A commenter responds to the UFT's Teacher's Choice survey:

Not being a licensed psychiatrist I can only offer a layman's opinion, but something seems to happen once a person becomes a union official. You immediately enter another world, completely detached from the reality of rank and file teachers. Mulgrew's e-mail is evidence of this phenomenon.

The No. 1 issue right now for every teacher in the state is the looming teacher evaluation law that increases the use of one-time test results; utilizes administrators completely unfamiliar with us, our schools, students, dynamics, etc.; strips our unions of some rights to collective bargain; disturbs long established tenure regulations; undermines tenure protections; demands all of us with permanent teacher certifications to re-register them with the same state office that issued them in the first place, etc.

I don't give a damn about classroom supplies when my very livelihood is being threatened and useless union officials like the crews at the UFT and NYSUT are standing by seemingly helpless.

Another commenter's take:

 I would like the choice not to be evaluated with junk science and student test scores. Keep the money, put it toward fighting Cuomo and the deformers. Heck, use it to do anything!!! Our union just gets steamrolled by everything. Everyone just lies down and takes it, after the steamroller passes you see that Cuomo is driving and Mulgrew has his hands around his waist. There are corporate deform sponsor stickers all over that thing.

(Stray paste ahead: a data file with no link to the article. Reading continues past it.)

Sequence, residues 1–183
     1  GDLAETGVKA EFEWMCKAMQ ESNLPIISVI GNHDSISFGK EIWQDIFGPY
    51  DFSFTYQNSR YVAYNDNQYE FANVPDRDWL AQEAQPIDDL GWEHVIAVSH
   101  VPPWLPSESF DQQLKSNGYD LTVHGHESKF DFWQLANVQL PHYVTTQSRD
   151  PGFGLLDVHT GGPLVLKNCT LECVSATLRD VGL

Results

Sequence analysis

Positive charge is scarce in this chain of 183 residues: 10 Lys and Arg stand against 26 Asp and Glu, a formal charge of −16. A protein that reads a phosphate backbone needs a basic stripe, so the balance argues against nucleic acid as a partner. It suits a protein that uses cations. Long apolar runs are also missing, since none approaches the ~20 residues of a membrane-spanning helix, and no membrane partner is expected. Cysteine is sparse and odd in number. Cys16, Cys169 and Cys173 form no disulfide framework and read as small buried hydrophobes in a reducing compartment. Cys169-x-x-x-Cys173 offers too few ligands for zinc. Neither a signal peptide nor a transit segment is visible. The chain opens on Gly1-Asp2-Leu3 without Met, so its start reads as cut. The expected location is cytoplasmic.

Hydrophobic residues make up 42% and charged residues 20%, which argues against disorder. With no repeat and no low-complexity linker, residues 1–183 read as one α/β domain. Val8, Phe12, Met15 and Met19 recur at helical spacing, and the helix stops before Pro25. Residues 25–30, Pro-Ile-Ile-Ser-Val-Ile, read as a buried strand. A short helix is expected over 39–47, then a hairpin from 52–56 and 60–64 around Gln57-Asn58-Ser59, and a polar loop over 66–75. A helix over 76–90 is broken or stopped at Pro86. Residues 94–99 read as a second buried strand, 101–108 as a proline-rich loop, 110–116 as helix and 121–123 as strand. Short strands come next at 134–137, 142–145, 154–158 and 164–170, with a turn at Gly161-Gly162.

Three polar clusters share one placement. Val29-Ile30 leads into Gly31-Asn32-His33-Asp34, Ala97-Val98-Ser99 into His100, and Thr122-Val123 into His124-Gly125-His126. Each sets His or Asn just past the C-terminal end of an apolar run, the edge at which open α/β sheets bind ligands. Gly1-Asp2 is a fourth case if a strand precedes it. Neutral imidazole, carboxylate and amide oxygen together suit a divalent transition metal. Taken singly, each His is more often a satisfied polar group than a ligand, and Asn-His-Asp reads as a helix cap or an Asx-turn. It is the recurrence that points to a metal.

Classroom supply money?

Sure, it's swell.

But given all the stuff going on in the education world, it surely is not what I want my union leadership focused on right now.

Former New Jersey Teacher: I Was Forced To Campaign For Administrator Who Was Also The North Bergen Mayor

Time For Some Traffic Problems: Education Edition:

NORTH BERGEN -- A former North Bergen high school teacher claims in a political video that she was forced to campaign for longtime Mayor Nick Sacco, and was asked to give two politically connected officials' students top grades.

The video was posted on YouTube April 21 by Sacco's May 12 election opponent Larry Wainstein. On April 22, Mayor Nick Sacco and his supporters denied all the claims in a response video. 
"I was being forced to go knock on doors and say 'Mayor Sacco is great, he's wonderful, and how everything was great,' and I was just very upset," said Sarah Guillen, a North Bergen resident, in Wainstein's video.

Guillen switched jobs in 2013 after two years teaching in North Bergen, and now works as a French teacher in New York City, she said.